CHARLESTON — The Diocese of Charleston’s Carter-May Home appears quiet, even sleepy, from the outside.
But come Monday and Friday mornings, it is anything but sleepy, at least in the craft room. This is where the Carter-May Crafters gather to work on projects and socialize for a couple of hours twice a week.
Nancy Moss, activities director, said the home has 16 residents and the craft table is usually filled with about eight ladies, depending on what they are making and how people are feeling.
On a recent Friday, the crafters were putting the finishing touches on a brooch with a pansy in the middle.
Elsie DeRain, who along with Louise Hill appears to be one of the comics of the group, said she has no plans to give her brooch to anyone or even to wear it herself. “I’m just making it because we’re making it,” said the self-proclaimed Geechi with a chuckle.
Moss said DeRain has a theory on crafting that all the ladies support: “It keeps you out of mischief,” DeRain cracks as the women chuckle. OK, seriously, she said her philosophy is that keeping their fingers going keeps their brain going, too.
Alene Canaday takes this theory to heart and said when she isn’t crafting she’s crocheting scarves and Afghans for her grandchildren. She points out the blue and white knit hat on her head as one of her creations.
The Carter-May Crafters started about three years ago when Kay Bennett moved into the residence and her artist daughter, Bonnie Campbell, volunteered to provide monthly art projects, Moss said.
Then the ladies decided it would be fun to participate in Blessed Sacrament School’s annual fair, and the meetings increased to twice weekly. Moss said they didn’t make any money at the event, but had so much fun making crafts they decided to maintain the busy schedule.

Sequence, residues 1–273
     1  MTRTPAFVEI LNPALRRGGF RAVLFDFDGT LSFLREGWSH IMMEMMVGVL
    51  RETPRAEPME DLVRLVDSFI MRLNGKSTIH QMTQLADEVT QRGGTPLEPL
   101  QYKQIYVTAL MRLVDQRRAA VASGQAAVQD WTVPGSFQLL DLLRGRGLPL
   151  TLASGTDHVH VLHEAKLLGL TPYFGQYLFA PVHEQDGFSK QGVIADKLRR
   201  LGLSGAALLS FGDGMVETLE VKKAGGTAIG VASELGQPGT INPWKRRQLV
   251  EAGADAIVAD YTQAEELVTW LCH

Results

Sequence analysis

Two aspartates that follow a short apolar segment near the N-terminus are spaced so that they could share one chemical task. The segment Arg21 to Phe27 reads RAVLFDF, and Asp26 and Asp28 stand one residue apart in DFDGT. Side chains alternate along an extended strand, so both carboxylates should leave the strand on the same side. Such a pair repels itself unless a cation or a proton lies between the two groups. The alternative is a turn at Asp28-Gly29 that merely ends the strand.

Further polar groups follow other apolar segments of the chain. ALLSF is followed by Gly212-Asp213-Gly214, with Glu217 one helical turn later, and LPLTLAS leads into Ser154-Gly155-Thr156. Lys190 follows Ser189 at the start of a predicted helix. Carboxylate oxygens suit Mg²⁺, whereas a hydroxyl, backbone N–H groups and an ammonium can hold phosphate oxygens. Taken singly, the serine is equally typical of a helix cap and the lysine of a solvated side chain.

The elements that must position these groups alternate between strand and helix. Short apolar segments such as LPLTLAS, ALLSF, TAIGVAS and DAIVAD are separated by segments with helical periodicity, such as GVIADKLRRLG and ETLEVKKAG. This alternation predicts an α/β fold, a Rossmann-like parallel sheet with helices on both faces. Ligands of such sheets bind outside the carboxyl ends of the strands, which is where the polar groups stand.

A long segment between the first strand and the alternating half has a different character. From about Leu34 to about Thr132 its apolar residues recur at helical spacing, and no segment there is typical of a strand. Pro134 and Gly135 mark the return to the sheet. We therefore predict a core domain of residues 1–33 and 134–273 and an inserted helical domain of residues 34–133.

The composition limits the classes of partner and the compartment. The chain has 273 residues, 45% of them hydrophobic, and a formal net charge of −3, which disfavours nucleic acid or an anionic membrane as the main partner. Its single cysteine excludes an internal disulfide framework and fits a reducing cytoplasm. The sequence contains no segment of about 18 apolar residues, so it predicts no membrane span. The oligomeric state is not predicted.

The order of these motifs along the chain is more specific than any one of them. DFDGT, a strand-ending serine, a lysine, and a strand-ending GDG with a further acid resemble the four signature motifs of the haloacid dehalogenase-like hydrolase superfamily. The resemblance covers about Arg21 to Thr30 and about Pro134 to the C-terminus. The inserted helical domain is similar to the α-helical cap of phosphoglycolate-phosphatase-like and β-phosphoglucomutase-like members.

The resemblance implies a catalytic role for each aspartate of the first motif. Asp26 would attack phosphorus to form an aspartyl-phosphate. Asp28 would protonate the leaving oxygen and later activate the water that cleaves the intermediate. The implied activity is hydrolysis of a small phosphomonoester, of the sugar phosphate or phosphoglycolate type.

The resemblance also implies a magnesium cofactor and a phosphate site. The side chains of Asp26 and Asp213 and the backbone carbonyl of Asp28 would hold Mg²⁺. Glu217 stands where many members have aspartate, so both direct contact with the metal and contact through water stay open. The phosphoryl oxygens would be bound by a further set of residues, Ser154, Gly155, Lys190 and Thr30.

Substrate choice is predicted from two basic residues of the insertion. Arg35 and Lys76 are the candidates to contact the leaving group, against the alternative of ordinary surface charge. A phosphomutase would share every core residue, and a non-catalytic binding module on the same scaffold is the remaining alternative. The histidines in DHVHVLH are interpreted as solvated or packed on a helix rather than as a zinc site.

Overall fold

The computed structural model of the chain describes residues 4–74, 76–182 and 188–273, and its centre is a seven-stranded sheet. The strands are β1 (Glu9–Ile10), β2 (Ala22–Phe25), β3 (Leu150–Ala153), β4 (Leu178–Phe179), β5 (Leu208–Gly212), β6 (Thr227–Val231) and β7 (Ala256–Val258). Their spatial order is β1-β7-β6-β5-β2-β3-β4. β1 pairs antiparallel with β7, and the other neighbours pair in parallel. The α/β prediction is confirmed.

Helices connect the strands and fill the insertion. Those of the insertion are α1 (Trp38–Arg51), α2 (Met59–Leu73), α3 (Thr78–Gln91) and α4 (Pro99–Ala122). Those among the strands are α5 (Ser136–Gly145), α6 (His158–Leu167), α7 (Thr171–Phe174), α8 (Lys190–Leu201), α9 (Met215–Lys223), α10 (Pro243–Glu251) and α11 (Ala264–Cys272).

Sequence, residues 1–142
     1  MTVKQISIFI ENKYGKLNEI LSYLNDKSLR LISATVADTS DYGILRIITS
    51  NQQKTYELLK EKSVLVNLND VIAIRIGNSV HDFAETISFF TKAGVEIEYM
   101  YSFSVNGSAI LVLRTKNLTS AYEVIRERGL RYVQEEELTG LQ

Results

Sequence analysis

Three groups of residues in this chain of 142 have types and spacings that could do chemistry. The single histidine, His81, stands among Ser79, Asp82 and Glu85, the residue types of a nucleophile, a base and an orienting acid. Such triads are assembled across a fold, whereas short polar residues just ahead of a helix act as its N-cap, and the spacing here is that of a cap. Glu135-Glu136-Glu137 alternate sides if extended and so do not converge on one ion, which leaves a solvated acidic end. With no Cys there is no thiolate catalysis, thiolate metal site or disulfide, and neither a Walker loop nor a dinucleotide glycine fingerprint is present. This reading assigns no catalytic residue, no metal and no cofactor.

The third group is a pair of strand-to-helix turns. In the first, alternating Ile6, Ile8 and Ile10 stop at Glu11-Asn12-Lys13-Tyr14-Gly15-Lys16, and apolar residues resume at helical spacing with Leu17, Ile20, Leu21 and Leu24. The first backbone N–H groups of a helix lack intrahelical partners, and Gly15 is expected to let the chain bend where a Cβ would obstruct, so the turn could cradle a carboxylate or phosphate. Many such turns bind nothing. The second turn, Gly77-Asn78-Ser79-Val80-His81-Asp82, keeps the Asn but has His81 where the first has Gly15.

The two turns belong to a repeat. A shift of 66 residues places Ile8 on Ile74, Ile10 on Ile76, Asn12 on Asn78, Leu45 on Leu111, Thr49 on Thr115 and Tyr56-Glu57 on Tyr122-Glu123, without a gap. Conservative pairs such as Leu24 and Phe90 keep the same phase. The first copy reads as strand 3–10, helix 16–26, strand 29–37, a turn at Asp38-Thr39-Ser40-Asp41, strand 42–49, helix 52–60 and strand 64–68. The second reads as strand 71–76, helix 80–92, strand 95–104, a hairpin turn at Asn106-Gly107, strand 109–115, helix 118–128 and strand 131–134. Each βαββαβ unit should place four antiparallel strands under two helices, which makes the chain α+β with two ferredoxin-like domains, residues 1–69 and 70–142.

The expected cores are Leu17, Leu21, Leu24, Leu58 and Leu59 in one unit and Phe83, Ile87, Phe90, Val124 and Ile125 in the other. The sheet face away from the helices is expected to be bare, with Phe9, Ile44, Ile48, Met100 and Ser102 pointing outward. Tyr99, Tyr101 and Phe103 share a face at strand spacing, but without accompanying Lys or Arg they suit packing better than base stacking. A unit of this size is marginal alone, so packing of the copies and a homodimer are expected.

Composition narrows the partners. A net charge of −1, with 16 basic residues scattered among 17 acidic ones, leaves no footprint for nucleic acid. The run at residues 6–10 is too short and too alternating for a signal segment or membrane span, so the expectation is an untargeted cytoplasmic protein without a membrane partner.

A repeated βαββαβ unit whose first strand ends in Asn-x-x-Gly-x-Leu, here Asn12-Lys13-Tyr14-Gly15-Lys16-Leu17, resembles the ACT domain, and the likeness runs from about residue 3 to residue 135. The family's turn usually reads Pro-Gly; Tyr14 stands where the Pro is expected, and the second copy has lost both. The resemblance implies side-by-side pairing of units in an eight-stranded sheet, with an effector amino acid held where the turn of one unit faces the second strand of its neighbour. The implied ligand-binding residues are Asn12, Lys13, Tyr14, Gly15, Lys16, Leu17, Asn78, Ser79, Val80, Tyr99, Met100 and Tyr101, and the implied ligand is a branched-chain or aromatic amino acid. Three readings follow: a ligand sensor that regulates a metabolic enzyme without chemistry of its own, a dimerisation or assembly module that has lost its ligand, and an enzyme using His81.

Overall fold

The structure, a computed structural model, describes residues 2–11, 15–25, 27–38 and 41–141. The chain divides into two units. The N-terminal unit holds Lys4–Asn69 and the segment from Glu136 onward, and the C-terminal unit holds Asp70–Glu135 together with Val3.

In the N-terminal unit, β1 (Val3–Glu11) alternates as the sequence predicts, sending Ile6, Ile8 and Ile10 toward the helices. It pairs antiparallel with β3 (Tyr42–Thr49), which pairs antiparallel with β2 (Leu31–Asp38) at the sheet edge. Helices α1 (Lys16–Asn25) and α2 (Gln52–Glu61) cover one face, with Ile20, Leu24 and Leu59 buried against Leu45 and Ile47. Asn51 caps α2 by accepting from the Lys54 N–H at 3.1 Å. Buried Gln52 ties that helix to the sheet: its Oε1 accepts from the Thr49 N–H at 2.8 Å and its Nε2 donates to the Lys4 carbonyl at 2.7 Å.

“They get impatient if they sit too long with nothing to do,” she said, making a small circle with her finger to include everyone at the table.
As the crafters put the finishing touches on their brooches, they poked good-natured fun at each other, themselves and life in general.
“You have to laugh,” said Sheryl McMillian, who majored in art “a long time ago” and helps the group with color coordination.
McMillian is the newest resident and one of the “babies” of the group. All but two of the women at the table are over 90.
Hill, who is 93, said her brooch is going in the casket with her, if she can get it to look right, that is. “This one has to go back to the jeweler,” she declared as Campbell moved around the table to help her.
She received some friendly advice from Mary Gauer as the two women compared ages.
“I can tell you’re younger than me. You don’t have any wrinkles,” Hill said as she cracked up laughing.
Gauer just smiled serenely and patted her cheek. “Oh, thank you,” she said.
Gauer was one of the ladies sitting around the table who said they came down to see what was being made and decided to stay and socialize for awhile even though they weren’t interested in making the brooch.
She said the beads were too small for her to handle because her fingers are always so cold. But she wasn’t complaining. “I can get around with my walker, so I’m fine,” she said.
Campbell said they do a lot of “recyclable” art. “We don’t have any money for supplies, so we make use of whatever’s around. We get a lot of magazines donated and we try to put those to use,” she said.
Creations from magazines are one of their specialties. In fact, the crafters won a blue ribbon at the Coastal Carolina Fair for a paper quilt made entirely of squares cut from a magazine. Campbell said the project required over 2,000 squares.
The ladies are working on a new craft for the fair and Campbell said it will probably be a paper tile.
“It’s a work in progress right now,” she said. “They’ll decide what it’s going to be as we go. They’re very good at expressing their opinion.”
Anna Margaret Martin said it is her opinion that the best crafts they make are the special cards made from — you guessed it — recycled magazines. The crafters will create and send thank you cards to recent volunteers and their magazine donors.
As for Miriam Bernstein, she said she doesn’t care what they make as long as she has something to do. Moss said Bernstein had never crafted before, but hasn’t missed a day since they started.
The crafters also make candles, soap, straw hats, magnets, Christmas trees and whatever else they can think of.
“These ‘babies’ will be very talented by the time they get to be our age,” DeRain joked.